“If the novel is struggling in this new environment, what of literary magazines? Long extinct? The opposite: literary magazines are getting popular again.” Guardian documents the resurgence of the literary magazine, thanks to the internet.
“We have all heard the claim, ‘the victors write the textbooks.’ Among the many ways to unpack the phrase is this: that once upon a time history was bound to and relied on communally agreed upon facts. That is to say, there was not a culture of record the way there is now. There were not cameras and photographs capturing all human movement or digital archives where information was stored in ‘clouds.’ While our methods for remembering have evolved, the ethical question at the heart of recollection remains: how do we tell about the past and who gets to tell it?” Lindsey Drager writes for the Michigan Quarterly Review about memory and storytelling.
New this week: 300,000,000 by Blake Butler; Quick Kills by Lynn Lurie; A Different Bed Every Time by Jac Jemc; Sister Golden Hair by Darcey Steinke; J by Howard Jacobson; Electric City by Elizabeth Rosner; The Goddess of Small Victories by Yannick Grannec; The Letters of Samuel Beckett; Volume 3; and Blue Horses by Mary Oliver. For more on these and other new titles, check out our Great Second-half 2014 Book Preview.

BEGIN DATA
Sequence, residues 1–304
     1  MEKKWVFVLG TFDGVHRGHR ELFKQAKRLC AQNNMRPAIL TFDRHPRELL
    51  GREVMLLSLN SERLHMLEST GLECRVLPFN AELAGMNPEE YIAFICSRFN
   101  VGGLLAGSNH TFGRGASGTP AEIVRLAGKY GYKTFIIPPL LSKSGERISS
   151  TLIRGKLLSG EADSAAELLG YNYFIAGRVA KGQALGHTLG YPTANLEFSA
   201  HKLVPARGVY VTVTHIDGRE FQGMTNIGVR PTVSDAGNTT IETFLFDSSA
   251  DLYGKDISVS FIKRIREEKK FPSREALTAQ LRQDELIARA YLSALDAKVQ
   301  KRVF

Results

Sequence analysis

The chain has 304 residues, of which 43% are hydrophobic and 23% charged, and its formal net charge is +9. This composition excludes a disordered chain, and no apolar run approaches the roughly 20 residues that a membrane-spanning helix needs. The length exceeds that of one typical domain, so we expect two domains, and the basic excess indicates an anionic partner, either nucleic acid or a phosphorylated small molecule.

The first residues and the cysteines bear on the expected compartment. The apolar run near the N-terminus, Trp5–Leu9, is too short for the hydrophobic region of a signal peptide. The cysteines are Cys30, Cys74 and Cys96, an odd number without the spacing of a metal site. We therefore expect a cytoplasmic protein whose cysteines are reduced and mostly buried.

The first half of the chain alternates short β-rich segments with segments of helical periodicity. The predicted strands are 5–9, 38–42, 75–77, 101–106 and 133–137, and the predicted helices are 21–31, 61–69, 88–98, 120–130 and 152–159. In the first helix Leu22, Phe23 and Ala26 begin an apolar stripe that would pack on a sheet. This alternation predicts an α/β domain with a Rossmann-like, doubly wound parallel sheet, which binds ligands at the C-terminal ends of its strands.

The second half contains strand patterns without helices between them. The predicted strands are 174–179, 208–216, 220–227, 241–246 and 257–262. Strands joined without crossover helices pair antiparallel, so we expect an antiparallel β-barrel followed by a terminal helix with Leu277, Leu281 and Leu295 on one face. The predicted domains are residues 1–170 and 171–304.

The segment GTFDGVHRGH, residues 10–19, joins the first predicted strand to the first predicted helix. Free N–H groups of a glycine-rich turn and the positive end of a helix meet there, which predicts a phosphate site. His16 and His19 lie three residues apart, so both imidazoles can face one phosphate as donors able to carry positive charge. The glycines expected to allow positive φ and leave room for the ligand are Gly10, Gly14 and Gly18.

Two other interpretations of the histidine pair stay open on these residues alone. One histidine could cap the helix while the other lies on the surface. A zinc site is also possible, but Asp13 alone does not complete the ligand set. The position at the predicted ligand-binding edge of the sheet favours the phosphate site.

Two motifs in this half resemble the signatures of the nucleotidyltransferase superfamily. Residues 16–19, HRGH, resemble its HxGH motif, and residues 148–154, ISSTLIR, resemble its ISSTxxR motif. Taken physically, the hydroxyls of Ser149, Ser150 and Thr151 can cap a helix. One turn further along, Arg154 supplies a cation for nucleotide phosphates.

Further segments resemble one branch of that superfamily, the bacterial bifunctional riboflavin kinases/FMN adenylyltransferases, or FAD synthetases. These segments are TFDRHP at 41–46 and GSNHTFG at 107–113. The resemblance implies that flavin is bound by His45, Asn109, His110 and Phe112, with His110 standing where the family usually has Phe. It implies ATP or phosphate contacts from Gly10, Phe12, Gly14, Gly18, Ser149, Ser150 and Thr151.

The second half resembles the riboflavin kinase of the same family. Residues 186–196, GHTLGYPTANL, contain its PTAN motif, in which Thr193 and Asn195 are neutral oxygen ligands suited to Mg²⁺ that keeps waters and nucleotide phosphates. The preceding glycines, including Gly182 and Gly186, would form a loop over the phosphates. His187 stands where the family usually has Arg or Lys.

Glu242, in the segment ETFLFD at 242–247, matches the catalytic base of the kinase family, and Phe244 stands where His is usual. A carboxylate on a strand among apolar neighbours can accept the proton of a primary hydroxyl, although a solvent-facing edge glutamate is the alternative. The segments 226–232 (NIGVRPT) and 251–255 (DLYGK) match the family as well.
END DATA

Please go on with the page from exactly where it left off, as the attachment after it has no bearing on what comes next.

Because its administrators believe “self-publishing is now a highly successful and respected business model for both new and established authors,” The University of Central Lancashire has created a Self-Publishing Masters program. (Clearly they didn’t read Edan Lepucki’s Millions article from 2011.) According to the program’s official website, “this dynamic course … reveals how to make self-publishing work for you.”